Looking for Arabic Language Job Readiness Resources?

Source: www.accuform.com

In case you didn’t know, YOU are our greatest resource! After receiving several requests for Arabic language resources, we put out a call for resources earlier this month, and sure enough, our network responded.

Our friends Ali Abid and Brittani Mcleod from Catholic Community Services of Utah submitted a helpful English/Arabic version of the Walmart job interview, and Carol Tucker from Lutheran Family Services of Nebraska provided us with several other Arabic/English Job Readiness materials.

Visit our Downloadable Resources section to check out these great resources! You may also want to check out a post we published in 2014 that links to picture vocabulary guides in several languages, including Arabic.

As we continue to serve Iraqi refugees and SIV recipients and anticipate increasing numbers of Syrian arrivals, these resources will continue to be a “must have” for your Cultural Orientation and Job Readiness tool box. If you have other Arabic language resources that you would like to share please email us at .

Arabic Language Job Readiness Resources

Here is a list of helpful Job Readiness Resources in Arabic that we have collected from our network:

Many thanks to Ali Abid and Brittani Mcleod at Catholic Community Services of Utah and Carol Tucker at Lutheran Family Services, Nebraska. If you have other Arabic language resources that you would like to share please email us at .

Free Card Sort Tool to ID Core Values

Some of the values included in the online values card sort tool featured in this post

“There are the values we think we should have and then there are the values we really have”, according to an article by Lily Zhang for The Muse.

The difference between the two is even harder to understand when you add cultural differences and all of the stressors involved in starting a job quickly in a new country.

 Values Card Sort by Richard Knowdell is a free resource that provides 54 different core values and three categories to sort them into ranging from Very Important to Not Important.

We usually help clients think about the marketable skills they offer.  When we talk about the kind of job they want based on values, it is often in the context of assuring their compliance with the requirement to accept the first available job.

How to Use the Tool in Your Work
  • Zhang suggests using this tool to clarify the choice between two career opportunities or define required qualities in a company’s culture.
  • Consider using it to focus a discussion about accepting the first available job.  You can explain how realistic job options will offer or lead toward the fundamental values clients prioritize in the exercise.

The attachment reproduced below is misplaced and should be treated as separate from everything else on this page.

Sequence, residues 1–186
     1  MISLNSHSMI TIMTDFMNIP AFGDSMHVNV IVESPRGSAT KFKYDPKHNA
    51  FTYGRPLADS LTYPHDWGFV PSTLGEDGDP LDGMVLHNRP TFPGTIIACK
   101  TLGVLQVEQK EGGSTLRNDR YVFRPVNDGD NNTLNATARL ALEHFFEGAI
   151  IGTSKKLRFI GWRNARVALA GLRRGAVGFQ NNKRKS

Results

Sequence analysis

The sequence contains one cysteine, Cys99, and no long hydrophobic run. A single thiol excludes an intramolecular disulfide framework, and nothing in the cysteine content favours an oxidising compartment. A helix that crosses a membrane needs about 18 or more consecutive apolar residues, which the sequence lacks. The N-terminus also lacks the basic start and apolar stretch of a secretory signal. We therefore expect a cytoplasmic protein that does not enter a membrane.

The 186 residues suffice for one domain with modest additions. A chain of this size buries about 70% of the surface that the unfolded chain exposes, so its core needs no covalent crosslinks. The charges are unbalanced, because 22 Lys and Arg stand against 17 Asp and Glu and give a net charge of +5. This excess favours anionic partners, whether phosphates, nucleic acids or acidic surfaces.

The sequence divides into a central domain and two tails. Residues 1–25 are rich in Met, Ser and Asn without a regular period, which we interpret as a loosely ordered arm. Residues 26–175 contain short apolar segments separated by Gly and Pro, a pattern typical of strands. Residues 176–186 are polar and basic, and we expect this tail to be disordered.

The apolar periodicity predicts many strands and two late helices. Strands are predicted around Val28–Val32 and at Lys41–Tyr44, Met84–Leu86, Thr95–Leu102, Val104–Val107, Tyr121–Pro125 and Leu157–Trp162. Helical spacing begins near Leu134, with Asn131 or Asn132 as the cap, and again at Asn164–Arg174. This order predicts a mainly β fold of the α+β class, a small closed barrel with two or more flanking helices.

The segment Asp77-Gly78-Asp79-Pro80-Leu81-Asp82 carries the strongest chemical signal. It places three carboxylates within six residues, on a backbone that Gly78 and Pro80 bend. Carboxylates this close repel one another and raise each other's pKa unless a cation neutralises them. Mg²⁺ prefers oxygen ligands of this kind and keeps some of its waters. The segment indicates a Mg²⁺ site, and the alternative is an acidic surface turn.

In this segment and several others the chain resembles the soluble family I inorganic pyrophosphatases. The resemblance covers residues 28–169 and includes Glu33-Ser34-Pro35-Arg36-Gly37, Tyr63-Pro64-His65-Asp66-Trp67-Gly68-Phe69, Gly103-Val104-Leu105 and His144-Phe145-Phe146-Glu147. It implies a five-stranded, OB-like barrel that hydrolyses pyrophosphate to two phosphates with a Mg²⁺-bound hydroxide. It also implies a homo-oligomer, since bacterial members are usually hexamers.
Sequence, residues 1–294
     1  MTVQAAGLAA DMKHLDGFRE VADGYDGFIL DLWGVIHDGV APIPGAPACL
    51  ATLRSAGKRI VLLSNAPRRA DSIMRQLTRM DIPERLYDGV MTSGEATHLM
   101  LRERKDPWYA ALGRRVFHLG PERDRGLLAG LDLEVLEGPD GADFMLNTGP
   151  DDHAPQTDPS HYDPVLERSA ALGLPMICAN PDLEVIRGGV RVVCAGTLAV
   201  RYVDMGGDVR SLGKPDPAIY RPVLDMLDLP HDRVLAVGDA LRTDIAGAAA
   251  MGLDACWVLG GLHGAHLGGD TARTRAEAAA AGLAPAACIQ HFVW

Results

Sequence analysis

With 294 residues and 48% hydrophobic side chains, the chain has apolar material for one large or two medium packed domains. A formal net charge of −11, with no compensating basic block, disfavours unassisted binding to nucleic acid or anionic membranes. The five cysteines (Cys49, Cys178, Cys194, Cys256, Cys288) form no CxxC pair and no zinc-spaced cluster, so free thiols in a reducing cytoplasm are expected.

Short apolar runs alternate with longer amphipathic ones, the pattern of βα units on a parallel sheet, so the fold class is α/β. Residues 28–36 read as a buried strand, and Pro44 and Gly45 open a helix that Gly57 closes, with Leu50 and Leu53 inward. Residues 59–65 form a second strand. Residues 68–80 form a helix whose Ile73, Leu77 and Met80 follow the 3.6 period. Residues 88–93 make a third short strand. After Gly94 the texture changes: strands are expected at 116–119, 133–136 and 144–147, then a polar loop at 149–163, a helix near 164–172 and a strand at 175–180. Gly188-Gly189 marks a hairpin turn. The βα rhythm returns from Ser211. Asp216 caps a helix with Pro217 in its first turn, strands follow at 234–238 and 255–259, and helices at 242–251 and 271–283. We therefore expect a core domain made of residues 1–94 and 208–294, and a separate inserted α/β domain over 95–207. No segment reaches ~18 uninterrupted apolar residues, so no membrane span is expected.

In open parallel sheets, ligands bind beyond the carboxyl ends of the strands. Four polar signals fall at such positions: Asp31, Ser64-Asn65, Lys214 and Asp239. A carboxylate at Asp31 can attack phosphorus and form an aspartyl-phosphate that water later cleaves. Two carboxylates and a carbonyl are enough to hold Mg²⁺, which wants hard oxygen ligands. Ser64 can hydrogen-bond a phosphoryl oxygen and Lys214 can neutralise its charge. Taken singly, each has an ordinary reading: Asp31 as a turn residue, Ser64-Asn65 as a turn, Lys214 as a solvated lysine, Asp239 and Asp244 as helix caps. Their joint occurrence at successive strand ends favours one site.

• Use it to gently address cultural differences that might shift some of the values. For example, the stated value might be “close to home”. The real value might be “social status” that is damaged by using public transportation in their culture. This exercise could make it easier to talk about how different U.S. workplace values might help you help clients feel more open to being flexible.
  • For clients that have never had the chance to work or chose the kind of work they want to do, this simple exercise could help them begin to think about that choice for the first time.  It offers some good English language vocabulary, too.
  • You could even integrate into your employability assessment or initial discussions about program requirements and agency policies.
Some Technical Details

After a very simple sign-up process, it’s easy to find in in the Tools and Resources section listed on the top menu bar.  You can reset the tool as many times as you want to use it with more than one client.  Although they offer an option to print a report, it doesn’t really do that.


Fresh Research on Job Readiness

interview researchA recent study compares job search effectiveness in recent grads and more experienced job seekers. The differences between them were attributed primarily to soft skills learned in the workplace on the part of the higher skilled job seekers.

It’s interesting research. Click here to read for yourselves and see a summary infographic.

The bottom line for refugees? Most of our clients will rely on us to include best practices in our job readiness activities. The research shows that we’re well positioned to play this role and haven’t missed important trends.

Here are the relevant take-aways for refugee job seekers and employment service providers